Rice described her 30-minute meeting with Walid al-Moualem, the Syrian foreign minister, as “professional and business-like” and said she had urged Syria to stop foreign fighters from entering Iraq.
“I didn’t lecture him; he didn’t lecture me,” Rice said.
“The Syrians clearly say that stability in Iraq is in their interest, but actions will speak louder than words and we will have to see how this develops.”
Al-Moualem said the talks were “a start” and called them “frank and constructive”.
The ministers have no specific plans to meet again, although officials will continue to discuss ways to improve security in Iraq, diplomats said.
Al-Moualem said they had “agreed to continue dialogue”.
“We are serious and we expect the United States to show the same seriousness.”
Syria doing more
Washington has accused Syria of allowing foreign fighters to enter Iraq through the long border between the two countries and is pressing for an international tribunal to try suspects in the 2005 killing of former Lebanese prime minister Rafiq al-Hariri.
The US military acknowledged on Thursday that Syria was doing more to stop the flow of fighters into Iraq in the last month.
The carefully orchestrated meeting between Rice and al-Moualem overshadowed the modest initial accomplishments from the international gathering at the Egyptian Red Sea resort of Sharm el-Sheikh to discuss security and debt relief for Iraq.
|The US-Syria talks overshadowed the Iraq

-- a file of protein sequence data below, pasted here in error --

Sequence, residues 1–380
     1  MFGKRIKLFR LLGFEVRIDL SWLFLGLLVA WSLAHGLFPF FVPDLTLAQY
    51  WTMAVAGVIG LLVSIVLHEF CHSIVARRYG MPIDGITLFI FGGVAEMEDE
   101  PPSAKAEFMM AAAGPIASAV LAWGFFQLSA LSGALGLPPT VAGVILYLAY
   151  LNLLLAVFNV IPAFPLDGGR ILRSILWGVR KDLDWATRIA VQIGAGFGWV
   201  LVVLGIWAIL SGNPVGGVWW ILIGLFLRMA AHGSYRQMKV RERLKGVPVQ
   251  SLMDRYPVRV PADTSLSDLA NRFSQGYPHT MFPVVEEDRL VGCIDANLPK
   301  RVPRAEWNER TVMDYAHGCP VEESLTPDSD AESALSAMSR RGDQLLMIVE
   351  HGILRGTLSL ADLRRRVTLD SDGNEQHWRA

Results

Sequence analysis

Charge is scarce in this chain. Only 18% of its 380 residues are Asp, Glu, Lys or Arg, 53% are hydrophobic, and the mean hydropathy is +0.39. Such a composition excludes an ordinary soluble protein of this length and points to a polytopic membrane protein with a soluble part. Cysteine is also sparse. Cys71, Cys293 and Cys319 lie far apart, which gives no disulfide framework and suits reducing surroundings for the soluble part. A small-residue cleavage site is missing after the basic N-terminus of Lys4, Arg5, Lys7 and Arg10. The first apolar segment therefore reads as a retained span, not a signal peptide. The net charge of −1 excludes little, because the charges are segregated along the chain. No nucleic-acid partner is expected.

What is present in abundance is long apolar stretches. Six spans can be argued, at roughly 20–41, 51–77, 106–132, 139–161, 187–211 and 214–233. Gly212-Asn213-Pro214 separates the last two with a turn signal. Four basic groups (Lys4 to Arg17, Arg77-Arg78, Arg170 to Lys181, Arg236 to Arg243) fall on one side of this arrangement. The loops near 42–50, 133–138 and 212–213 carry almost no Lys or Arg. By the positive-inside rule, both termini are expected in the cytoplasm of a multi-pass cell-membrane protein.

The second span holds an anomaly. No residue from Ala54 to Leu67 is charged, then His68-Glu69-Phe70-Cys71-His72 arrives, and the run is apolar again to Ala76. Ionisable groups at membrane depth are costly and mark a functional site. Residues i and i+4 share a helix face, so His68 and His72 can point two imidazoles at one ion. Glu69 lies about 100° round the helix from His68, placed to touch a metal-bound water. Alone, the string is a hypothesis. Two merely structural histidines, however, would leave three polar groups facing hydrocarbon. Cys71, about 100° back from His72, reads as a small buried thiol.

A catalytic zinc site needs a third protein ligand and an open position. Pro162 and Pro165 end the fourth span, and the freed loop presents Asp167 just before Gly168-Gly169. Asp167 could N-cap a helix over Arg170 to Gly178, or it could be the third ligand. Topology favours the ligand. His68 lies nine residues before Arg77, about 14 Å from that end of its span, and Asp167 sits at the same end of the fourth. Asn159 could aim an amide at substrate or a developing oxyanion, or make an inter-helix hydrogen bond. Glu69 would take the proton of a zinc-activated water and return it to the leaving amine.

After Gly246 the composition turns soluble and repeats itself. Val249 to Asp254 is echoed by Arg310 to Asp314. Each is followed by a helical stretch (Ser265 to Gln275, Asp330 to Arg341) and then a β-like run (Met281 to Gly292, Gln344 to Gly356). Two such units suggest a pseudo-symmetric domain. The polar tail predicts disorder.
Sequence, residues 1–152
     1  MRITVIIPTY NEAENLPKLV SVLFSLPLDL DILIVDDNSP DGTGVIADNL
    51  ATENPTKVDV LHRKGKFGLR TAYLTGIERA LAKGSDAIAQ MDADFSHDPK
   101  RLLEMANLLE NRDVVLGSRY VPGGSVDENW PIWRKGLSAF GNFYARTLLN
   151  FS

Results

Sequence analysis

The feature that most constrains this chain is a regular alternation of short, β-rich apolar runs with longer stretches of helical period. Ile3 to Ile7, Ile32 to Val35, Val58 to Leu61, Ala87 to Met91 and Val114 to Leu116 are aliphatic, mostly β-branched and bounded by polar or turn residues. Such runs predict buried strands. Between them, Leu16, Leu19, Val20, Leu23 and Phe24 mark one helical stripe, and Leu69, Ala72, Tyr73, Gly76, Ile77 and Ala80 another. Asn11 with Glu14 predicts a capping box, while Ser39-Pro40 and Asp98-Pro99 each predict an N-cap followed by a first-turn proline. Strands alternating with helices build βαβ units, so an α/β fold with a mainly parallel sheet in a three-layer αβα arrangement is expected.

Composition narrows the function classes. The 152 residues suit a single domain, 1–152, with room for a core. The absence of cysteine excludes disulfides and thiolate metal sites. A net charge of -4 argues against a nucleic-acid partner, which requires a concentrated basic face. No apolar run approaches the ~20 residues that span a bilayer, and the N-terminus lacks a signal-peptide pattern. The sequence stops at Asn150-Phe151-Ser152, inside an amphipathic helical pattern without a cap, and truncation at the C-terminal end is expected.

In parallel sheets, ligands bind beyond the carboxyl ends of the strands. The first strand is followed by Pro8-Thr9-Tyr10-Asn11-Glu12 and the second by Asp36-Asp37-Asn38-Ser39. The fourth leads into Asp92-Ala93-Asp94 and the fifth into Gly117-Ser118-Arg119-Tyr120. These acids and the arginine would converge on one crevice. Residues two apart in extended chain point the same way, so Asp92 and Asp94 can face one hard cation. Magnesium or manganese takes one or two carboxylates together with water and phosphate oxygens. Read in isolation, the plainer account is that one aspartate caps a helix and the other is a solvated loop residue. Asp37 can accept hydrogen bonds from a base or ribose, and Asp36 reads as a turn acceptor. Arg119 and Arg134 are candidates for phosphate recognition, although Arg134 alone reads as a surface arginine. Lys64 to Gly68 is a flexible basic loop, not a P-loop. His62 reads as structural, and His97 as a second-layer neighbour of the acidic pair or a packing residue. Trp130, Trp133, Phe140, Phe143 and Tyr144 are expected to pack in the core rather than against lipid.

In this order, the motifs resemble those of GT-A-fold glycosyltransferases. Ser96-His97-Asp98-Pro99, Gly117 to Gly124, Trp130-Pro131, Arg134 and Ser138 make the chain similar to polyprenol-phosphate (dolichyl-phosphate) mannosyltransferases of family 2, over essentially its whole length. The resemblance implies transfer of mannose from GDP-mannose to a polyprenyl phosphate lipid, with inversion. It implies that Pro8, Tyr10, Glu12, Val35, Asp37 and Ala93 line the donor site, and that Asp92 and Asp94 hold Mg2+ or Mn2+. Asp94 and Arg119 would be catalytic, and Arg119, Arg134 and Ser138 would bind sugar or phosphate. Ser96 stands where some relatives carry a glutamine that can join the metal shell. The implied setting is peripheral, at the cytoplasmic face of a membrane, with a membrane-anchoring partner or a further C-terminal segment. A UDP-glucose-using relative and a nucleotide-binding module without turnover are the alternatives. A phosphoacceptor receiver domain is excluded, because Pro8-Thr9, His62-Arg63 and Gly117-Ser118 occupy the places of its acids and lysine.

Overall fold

security and debt relief conference [AFP]
Iraq’s embattled prime minister was among those leaning on the Bush administration to engage Syria and Iran, saying that the neighbouring countries could help lessen violence in Iraq.
Only last month, the White House criticised Nancy Pelosi, the house speaker, for a diplomatic trip to Damascus.
Rice said “having the secretary of state take an opportunity to speak to the foreign minister of Syria about a concrete problem involving Iraq, at an Iraqi neighbours’ conference, makes more sense”.
Rice called Pelosi ahead of her trip to Egypt, McCormack said.
Rice also briefly exchanged pleasantries during lunch with Manouchehr Mottaki, her Iranian counterpart, but did not discuss politics, US state department spokesman Sean McCormack said.
“They said hello, that’s about it. It was not about substance,” he said.
Rice said the US has not sought direct talks with Iran.
Although she had seemed to invite a broader engagement with Iran before the Iraq meeting, the tone changed in recent days as US officials played down the chances for any substantive exchange, and some said they would wait for clearer signals from the Iranians that they were ready to talk.
“We haven’t planned and have not asked for a bilateral meeting, nor have they asked us,” Rice said.